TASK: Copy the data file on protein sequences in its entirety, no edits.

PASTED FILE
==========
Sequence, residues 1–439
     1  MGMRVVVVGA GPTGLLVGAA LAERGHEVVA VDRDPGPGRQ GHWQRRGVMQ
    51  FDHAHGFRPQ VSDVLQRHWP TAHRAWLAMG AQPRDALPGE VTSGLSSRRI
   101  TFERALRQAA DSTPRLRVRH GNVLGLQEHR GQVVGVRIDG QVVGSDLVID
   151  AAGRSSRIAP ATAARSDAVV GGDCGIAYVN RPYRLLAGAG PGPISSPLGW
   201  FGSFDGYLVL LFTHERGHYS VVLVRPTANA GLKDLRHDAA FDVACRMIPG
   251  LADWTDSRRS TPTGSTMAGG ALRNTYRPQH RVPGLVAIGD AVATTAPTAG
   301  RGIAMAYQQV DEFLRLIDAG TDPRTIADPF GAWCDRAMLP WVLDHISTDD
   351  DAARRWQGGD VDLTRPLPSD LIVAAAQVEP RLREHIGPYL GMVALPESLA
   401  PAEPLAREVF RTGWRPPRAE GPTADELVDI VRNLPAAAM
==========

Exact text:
Sequence, residues 1–439
     1  MGMRVVVVGA GPTGLLVGAA LAERGHEVVA VDRDPGPGRQ GHWQRRGVMQ
    51  FDHAHGFRPQ VSDVLQRHWP TAHRAWLAMG AQPRDALPGE VTSGLSSRRI
   101  TFERALRQAA DSTPRLRVRH GNVLGLQEHR GQVVGVRIDG QVVGSDLVID
   151  AAGRSSRIAP ATAARSDAVV GGDCGIAYVN RPYRLLAGAG PGPISSPLGW
   201  FGSFDGYLVL LFTHERGHYS VVLVRPTANA GLKDLRHDAA FDVACRMIPG
   251  LADWTDSRRS TPTGSTMAGG ALRNTYRPQH RVPGLVAIGD AVATTAPTAG
   301  RGIAMAYQQV DEFLRLIDAG TDPRTIADPF GAWCDRAMLP WVLDHISTDD
   351  DAARRWQGGD VDLTRPLPSD LIVAAAQVEP RLREHIGPYL GMVALPESLA
   401  PAEPLAREVF RTGWRPPRAE GPTADELVDI VRNLPAAAM